Saturday, January 9, 2010

Hanging Out In The Greenhouse

Most of us in the US are experiencing temperatures that are far below what we usually have this time of year.  Compared to the sub-zero and single-digits in the middle of the country, the teens and twenties here in Virginia seem pretty tame ... but I'm still cold and I'm whining about it.  When I'm in the house, I wear flannel-lined jeans, a turtleneck and a hoodie, down slippers, and I cover up with a quilt whenever I'm sitting somewhere.  It's a different world, though, when I'm in the greenhouse.

Even though the temperature are in the 20's outside, on a sunny day the greenhouse will easily reach the mid to high 60's or more by afternoon.  As winter progresses, I find I spend more and more time piddling with things out there, whether there's stuff that really needs to be done or not.  To tell the truth, I have automated as much of the greenhouse systems as I can ... so it's not like I have to be out there every day.

Misting the cuttings?  I have a Mist-a-Matic timer.  My water line is heat-taped and insulated, and it's been fine for two winters so far.

Heat?  I use an 18,000 BTU ventless propane heater on a thermostat.  This big propane tank lasts about 3 weeks, and the price of propane is a little bit lower than it was last year.

I have to keep a small crack in the door open to supply a bit of fresh air, because this heater has a sensor that will shut it off if the oxygen drops below a certain level.

Ventilation?  I have automatic electronic vent shutters and an exhaust fan ... not that things get warm enough in winter for them to come on, you understand.

My most pressing winter concern is aphids.  The cool, damp, sunny conditions in the greenhouse are perfect fuel for an explosion of aphids if I'm not vigilant.  Lately, with everything surrounding my father-in-law's illness, I have been a bit neglectful and the aphids have begun to get the upper hand.

I don't use insecticides of any type in my garden ... I don't need to.  There are plenty of predators that keep the bad bugs in check, as long as I don't do anything to mess with the balance of power.  The greenhouse, however, is a different situation entirely.  I cannot allow pests like aphids or spidermites to suck the life out of my cuttings, potentially destroying next year's crop.  I have to rely on judicious use of chemicals.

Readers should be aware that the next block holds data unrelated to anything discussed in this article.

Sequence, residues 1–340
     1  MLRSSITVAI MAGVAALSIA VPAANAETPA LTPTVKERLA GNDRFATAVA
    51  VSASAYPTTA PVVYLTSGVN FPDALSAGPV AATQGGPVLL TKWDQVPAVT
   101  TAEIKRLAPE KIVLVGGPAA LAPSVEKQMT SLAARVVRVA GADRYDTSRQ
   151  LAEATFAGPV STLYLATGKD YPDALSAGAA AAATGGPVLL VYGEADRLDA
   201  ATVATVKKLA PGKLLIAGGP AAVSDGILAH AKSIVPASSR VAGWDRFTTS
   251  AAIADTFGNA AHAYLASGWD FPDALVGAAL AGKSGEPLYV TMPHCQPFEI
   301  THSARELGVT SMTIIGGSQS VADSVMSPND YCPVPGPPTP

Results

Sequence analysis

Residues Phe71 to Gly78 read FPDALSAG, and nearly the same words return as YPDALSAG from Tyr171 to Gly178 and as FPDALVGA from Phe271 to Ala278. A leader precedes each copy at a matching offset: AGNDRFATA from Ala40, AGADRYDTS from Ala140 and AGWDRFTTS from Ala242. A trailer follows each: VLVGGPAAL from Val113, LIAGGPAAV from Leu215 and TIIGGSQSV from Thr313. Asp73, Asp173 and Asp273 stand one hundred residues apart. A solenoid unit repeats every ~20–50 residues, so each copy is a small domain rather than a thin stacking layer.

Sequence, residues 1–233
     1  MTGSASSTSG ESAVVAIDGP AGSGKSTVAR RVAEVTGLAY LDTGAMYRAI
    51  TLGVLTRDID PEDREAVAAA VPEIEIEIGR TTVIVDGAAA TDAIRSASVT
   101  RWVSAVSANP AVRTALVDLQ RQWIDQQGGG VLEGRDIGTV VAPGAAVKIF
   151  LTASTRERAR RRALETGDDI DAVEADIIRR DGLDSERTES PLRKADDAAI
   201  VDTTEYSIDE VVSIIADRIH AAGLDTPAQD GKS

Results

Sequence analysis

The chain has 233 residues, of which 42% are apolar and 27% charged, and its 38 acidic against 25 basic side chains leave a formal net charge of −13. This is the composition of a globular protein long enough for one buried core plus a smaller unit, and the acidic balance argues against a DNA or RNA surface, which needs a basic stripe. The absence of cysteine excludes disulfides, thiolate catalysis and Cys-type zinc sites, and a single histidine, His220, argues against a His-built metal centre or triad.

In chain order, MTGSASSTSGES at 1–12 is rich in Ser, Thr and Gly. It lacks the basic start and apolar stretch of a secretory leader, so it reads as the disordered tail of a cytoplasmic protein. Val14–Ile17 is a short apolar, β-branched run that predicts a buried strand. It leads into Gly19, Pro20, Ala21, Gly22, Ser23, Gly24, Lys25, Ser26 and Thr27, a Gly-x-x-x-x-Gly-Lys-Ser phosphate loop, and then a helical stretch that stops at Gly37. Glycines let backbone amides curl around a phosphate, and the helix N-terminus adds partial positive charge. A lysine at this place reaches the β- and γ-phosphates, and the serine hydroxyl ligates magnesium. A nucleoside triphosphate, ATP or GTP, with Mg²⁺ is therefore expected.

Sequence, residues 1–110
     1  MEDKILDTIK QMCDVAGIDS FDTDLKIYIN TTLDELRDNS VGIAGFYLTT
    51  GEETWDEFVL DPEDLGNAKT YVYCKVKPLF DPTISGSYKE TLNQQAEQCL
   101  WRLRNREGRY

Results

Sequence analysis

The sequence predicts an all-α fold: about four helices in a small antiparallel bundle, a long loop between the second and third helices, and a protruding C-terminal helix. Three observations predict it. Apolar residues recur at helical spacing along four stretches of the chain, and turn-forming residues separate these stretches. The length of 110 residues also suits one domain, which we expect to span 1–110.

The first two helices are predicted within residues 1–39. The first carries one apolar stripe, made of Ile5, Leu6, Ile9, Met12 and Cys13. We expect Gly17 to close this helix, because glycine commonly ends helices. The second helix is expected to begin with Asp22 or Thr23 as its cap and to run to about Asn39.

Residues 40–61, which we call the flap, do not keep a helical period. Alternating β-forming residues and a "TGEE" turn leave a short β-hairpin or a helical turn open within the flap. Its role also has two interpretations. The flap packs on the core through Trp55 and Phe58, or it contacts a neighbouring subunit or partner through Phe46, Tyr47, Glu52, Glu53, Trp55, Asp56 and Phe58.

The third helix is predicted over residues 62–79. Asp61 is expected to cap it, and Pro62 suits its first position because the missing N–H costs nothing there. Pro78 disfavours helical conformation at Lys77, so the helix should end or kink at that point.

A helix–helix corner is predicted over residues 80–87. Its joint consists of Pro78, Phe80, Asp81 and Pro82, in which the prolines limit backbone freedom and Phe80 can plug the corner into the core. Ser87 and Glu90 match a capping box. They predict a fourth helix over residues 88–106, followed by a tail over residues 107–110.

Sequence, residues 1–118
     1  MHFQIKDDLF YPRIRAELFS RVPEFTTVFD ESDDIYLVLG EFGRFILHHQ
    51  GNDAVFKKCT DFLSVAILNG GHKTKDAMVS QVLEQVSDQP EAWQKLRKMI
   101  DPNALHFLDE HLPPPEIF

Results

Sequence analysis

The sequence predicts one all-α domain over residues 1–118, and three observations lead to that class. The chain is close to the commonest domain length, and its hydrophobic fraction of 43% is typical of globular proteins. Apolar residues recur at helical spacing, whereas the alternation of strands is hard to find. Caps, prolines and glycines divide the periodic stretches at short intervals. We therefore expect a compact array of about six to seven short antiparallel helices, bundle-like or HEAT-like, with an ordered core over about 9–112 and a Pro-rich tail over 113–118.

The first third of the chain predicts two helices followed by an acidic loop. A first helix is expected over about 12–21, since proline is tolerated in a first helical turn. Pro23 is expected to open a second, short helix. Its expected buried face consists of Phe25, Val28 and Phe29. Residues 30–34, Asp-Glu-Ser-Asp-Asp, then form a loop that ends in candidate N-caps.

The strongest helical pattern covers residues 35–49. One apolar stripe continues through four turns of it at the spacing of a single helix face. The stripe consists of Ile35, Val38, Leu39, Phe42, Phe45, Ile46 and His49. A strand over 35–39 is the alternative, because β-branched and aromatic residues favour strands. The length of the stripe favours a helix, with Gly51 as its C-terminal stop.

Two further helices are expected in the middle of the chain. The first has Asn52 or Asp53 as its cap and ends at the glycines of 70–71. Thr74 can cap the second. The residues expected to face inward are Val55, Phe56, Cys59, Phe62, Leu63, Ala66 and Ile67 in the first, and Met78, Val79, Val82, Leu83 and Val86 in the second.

Insecticidal soaps are great for aphids ... but they're not labeled for use on cuttings.  Systemic insecticides are more efficient against sucking insects anyway.  Orthene is good ... just not so good for humans, so I don't use it.  After considering all the various options, I settled on Merit (imidacloprid).  It's labeled for greenhouse use and for use on roses, it doesn't harm my cuttings, and it does a good job wiping out aphids.  I apply it with a spray bottle to minimize extraneous airborne particles, outfitting myself with mask, gloves, goggles, etc.

I sprayed on Thursday afternoon.  Today, I'll go out and wash things down.  Aphids secrete honeydew, which is sticky and can foster growth of mold, so I have quite a bit of cleaning to do.  While I'm at it, I'll cull any dead cuttings (not too many, thank goodness), rearrange the rooted babies, and organize my tools and supplies ... if I get that far.

(written by Hartwood Roses. Hartwood Roses blog)


  1. Have you ever used the granular Merit that goes in the soil? I am thinking of using it this year as a preventative. Because my normal potted rose supplier raised their prices about 20%, I will be planting significantly more bareroot this year. We have always had to pot a few and the aphids are always an early spring problem.

  2. The only preventive I use is fungicide ... and I've never used granules. I always like to take the most targeted approach to solving a pest problem, and I get weird about putting things into my soil. That said, it's a whole different ballgame when one has to be concerned about a customer's reaction to the appearance of a crop for sale. Maybe someone in the Tidewater Rose Society has experience with this ... they're very nice, BTW.

    When I took the roses out of the greenhouse last April, they were covered in aphids. I figured I'd bring them all out and get them arranged on the benches, then I would break out the Merit and take care of the little buggers. To my surprise, sparrows swooped in and began feasting on the aphids ... problem solved. If I could only get them to eat Japanese Beetles.

  3. Thanks for the backstage peek...information very helpful.


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